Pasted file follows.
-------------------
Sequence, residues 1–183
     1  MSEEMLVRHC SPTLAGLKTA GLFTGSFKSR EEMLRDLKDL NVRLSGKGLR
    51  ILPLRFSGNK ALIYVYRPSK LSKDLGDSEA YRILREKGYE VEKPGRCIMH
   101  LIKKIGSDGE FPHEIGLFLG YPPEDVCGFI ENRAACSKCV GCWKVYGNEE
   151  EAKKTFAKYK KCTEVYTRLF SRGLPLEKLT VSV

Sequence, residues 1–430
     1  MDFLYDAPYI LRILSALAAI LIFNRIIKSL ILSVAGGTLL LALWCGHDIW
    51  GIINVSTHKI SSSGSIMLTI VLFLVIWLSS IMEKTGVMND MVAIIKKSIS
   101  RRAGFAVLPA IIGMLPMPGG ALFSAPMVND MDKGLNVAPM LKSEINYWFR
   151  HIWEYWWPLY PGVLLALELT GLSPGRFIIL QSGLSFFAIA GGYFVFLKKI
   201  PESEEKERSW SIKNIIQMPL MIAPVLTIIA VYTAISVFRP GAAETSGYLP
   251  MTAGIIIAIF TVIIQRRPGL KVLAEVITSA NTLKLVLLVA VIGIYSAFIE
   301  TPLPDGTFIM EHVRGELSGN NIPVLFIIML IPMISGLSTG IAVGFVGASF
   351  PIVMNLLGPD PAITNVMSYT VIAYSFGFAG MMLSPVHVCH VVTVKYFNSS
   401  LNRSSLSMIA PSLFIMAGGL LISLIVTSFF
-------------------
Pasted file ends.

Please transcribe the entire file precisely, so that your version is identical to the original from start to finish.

Sequence, residues 1–183
     1  MSEEMLVRHC SPTLAGLKTA GLFTGSFKSR EEMLRDLKDL NVRLSGKGLR
    51  ILPLRFSGNK ALIYVYRPSK LSKDLGDSEA YRILREKGYE VEKPGRCIMH
   101  LIKKIGSDGE FPHEIGLFLG YPPEDVCGFI ENRAACSKCV GCWKVYGNEE
   151  EAKKTFAKYK KCTEVYTRLF SRGLPLEKLT VSV

Sequence, residues 1–430
     1  MDFLYDAPYI LRILSALAAI LIFNRIIKSL ILSVAGGTLL LALWCGHDIW
    51  GIINVSTHKI SSSGSIMLTI VLFLVIWLSS IMEKTGVMND MVAIIKKSIS
   101  RRAGFAVLPA IIGMLPMPGG ALFSAPMVND MDKGLNVAPM LKSEINYWFR
   151  HIWEYWWPLY PGVLLALELT GLSPGRFIIL QSGLSFFAIA GGYFVFLKKI
   201  PESEEKERSW SIKNIIQMPL MIAPVLTIIA VYTAISVFRP GAAETSGYLP
   251  MTAGIIIAIF TVIIQRRPGL KVLAEVITSA NTLKLVLLVA VIGIYSAFIE
   301  TPLPDGTFIM EHVRGELSGN NIPVLFIIML IPMISGLSTG IAVGFVGASF
   351  PIVMNLLGPD PAITNVMSYT VIAYSFGFAG MMLSPVHVCH VVTVKYFNSS
   401  LNRSSLSMIA PSLFIMAGGL LISLIVTSFF